Everyone knows Los Angeles has an earthquake problem. The second-largest U.S. city sits atop 100 geological faults; a big earthquake is an inevitable part of its future. And almost everyone is afraid of that big earthquake. Many non-Californians cannot imagine how anyone can live in the state.
That fear has controlled how we respond to earthquakes. Human beings hate randomness. In the ancient past, we survived against predators with stronger muscles and bigger teeth because we could use our brains to make patterns and keep ourselves alive. Randomness means that a pattern cannot be found and accordingly, we don’t know how to be safe.
That earthquakes strike randomly, without warning, that we never know when it will hit, doesn’t just keep us afraid, it keeps us trying to guess when that unknown moment will arrive. We envision the consequences of earthquakes to be only the deaths and the buildings and infrastructure lost. But this focus on the moment keeps us from seeing the true cost of the earthquake and from understanding that much of the loss could be prevented.
Ten years ago, while at the U.S. Geological Survey I led a team that created the ShakeOut Scenario, our best scientific estimate of the consequences of a big earthquake on California’s San Andreas fault. We estimated about $50 billion in direct losses from the earthquake itself. The fires triggered by the earthquake would double those losses. The business disruption costs over the next six months caused by disruption to water, power, and transportation doubles the total again to more than $200 billion.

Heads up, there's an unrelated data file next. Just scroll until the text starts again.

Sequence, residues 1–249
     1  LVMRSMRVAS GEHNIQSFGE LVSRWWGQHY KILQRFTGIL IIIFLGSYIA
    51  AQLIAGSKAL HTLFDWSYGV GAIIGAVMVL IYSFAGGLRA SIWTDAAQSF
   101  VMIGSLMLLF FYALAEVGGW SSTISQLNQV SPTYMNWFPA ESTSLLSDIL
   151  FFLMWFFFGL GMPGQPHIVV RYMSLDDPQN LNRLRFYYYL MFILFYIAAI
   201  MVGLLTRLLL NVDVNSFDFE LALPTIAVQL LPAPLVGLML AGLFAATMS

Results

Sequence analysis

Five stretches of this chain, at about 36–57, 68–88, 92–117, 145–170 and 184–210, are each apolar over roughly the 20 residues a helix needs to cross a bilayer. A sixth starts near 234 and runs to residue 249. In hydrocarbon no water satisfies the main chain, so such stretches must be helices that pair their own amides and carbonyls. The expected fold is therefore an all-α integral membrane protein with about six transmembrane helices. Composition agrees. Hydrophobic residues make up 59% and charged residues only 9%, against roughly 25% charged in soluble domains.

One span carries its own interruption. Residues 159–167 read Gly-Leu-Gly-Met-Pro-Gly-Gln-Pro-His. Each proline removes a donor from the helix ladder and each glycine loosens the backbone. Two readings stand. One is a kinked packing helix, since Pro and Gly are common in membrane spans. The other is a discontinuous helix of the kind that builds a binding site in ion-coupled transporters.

The disruption to the U.S. economy goes well beyond this. It is obvious that if a building collapses, the owner loses that value. What is less obvious is that the current building code aims only to prevent collapse as a matter of life safety. If your building is so badly damaged that it must be torn down, current building code considers this your decision to make. A recent study published about a major earthquake on the Hayward fault east of San Francisco suggests that up to one-quarter of the buildings built to the current code will be unusable after the event. If a building has suffered enough damage, the risk of an aftershock toppling the damaged building onto its neighbors means that people will be prohibited from entering those buildings as well.
To see what this means for a city, look at what has happened to Christchurch, New Zealand, in the aftermath of the 2011 earthquakes. The same building code as California is in effect there, and it did everything it was supposed to. No modern building collapsed and no one died in a modern building. But the Central Business District was closed for five years because of the danger posed by damaged buildings and in the end, 1,800 buildings have been torn down. Christchurch is recovering because it provides almost universal earthquake insurance coverage for its buildings. With less than 20% of buildings in California covered by earthquake insurance, most owners will have no one to help them recover from these losses.
The ShakeOut scenario looked solely at the physical consequences of losing these services. But in the real earthquake we will be facing the less-quantifiable disruption of people who simply give up. Employees will accept their company’s offer to work in a different city. Parents will decide to take their family to a different state. The only years that Los Angeles has ever lost population were the two years after the 1971 San Fernando earthquake and the two years after the 1994 Northridge earthquake. Neither of those major earthquakes can be considered a very large event — the areas affected were just 1/10th of the area that will see strong shaking in the San Andreas earthquake. Many businesses will fail because their customers and employees have left.